The food you eat during pregnancy and breastfeeding can affect the health outcomes of your child. This is because, during pregnancy, the body needs more nutrients to meet the needs of the mother and the unborn baby. For this reason, pregnant women often run into risks of inadequate nutrients. The risk is even higher in some classes of women like women who are on a special diet, women who smoke and women who are underweight or overweight/obese. Eating good foods during pregnancy and breastfeeding helps prevent the risk of diseases in a child as they grow older. At their early stage, good maternal nutrition ensures that the child gets all the required nutrients to form healthy tissues, organs and bones before they are born. It also provides a mother’s breast milk with all dietary requirements needed for the child’s development.
Nutrients for Pregnancy and Their Qualities
A healthy, normal-weight woman only needs a moderate calorie increase during pregnancy. Pregnant women are always advised to regulate their carbohydrate diets to avoid risk of weight gain. You can achieve a healthy caloric level by slightly increasing your protein and fatty foods intake. The world standard of caloric intake for pregnant women are:
1. 69 kcal per day for the first trimester.
2. 266 kcal per day for the second trimester.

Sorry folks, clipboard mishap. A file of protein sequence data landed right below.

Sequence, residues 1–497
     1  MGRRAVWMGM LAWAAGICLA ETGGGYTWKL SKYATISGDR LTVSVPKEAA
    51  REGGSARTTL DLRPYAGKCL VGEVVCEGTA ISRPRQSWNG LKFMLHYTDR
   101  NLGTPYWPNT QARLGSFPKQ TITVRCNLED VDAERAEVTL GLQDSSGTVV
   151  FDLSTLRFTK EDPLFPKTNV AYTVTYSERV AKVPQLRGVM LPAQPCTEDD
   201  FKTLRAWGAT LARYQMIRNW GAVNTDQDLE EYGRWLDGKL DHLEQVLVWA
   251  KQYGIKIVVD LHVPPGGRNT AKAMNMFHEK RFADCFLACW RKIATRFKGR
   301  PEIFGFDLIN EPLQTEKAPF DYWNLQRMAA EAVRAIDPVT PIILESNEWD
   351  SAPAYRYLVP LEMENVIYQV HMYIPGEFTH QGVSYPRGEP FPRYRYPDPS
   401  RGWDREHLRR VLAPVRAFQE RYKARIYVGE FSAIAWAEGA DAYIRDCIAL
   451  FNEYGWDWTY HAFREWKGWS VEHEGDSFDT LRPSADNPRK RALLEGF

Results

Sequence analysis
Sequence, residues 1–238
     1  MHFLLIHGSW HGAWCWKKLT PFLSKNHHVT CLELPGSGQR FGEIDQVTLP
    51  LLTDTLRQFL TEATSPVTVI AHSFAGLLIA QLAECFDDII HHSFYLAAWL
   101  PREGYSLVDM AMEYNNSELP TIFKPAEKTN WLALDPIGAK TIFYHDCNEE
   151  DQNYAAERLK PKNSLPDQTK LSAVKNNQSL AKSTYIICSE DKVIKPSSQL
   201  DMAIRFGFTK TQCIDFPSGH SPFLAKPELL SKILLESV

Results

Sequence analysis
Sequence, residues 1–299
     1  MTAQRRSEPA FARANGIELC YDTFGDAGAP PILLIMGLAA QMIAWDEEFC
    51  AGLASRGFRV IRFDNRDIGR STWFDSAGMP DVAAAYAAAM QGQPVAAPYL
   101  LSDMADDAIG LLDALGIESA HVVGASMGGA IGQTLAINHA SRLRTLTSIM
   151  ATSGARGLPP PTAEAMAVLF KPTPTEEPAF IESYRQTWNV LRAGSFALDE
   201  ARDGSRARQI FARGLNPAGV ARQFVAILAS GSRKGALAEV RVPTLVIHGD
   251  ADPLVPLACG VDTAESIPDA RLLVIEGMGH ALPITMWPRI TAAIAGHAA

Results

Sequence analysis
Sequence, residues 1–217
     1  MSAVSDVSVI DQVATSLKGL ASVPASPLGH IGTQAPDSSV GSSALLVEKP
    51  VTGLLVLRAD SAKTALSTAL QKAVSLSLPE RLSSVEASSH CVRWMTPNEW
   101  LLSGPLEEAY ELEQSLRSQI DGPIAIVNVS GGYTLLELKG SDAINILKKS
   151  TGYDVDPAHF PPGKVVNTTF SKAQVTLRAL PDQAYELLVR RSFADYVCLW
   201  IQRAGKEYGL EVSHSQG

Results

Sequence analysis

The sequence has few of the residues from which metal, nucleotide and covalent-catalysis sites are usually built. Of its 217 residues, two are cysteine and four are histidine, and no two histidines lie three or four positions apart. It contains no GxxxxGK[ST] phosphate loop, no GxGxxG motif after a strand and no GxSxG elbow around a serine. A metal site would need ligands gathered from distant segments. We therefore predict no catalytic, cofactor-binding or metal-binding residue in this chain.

3. 496 kcal/day in the third trimester of pregnancy.
Recommended supplement: Zileda Comprehensive Vitamin Soft Capsules for Pregnant Women——This supplement contains 21 different vitamins, minerals and unsaturated fatty acids (EPA&DHA) to provide mothers-to-be with the necessary nutrition to help their babies develop healthily.
A pregnant woman requires more protein during the second and third trimesters of pregnancy. During this time, the fetus requires more protein synthesis to build tissues and maintain fetal growth. The average protein requirement for pregnant women are:
- 1 g of protein per day in the first trimester of pregnancy.
- 8 g of protein per day in the second trimester.
- 26 g of protein per day in the third trimester.
FAT (Omega 3)
Polyunsaturated fats, especially docosahexaenoic acid (DHA), are vital for infant development. DHA is a type of omega 3 fatty acid. DHA is essential for brain and retinal development of the fetus during pregnancy. Even after childbirth, the child requires high amounts of omega-3 acids in their breastmilk to enhance their brain and cognitive skills.
- Studies suggest that women take up to 100–200 mg DHA per day during pregnancy and lactation.
- Consuming 2-4 servings of fish per week during pregnancy ensures the proper development of your child.
Recommended supplement: Jamieson-High-efficiency DHA Omega + Ginger 100 soft capsules. Specially formulated for expectant mothers, the addition of ginger extract can prevent and relieve the discomfort caused by pregnancy. Each capsule contains 440mg Omega 3 fatty acids, which helps to promote the development of the baby's brain, eyes and nerves.
Iron is a micronutrient, and micronutrients constitute more of what should be eaten during pregnancy. Studies suggest that pregnant women require more iron during the third month of pregnancy. Iron plays an essential role in transferring oxygen to tissues. Unfortunately, iron deficiency is rampant in children between 6 and 36 months. Inadequate iron intake causes severe consequences like anaemia in pregnant women. This is why iron supplementation in pregnancy is often recommended to improve pregnancy.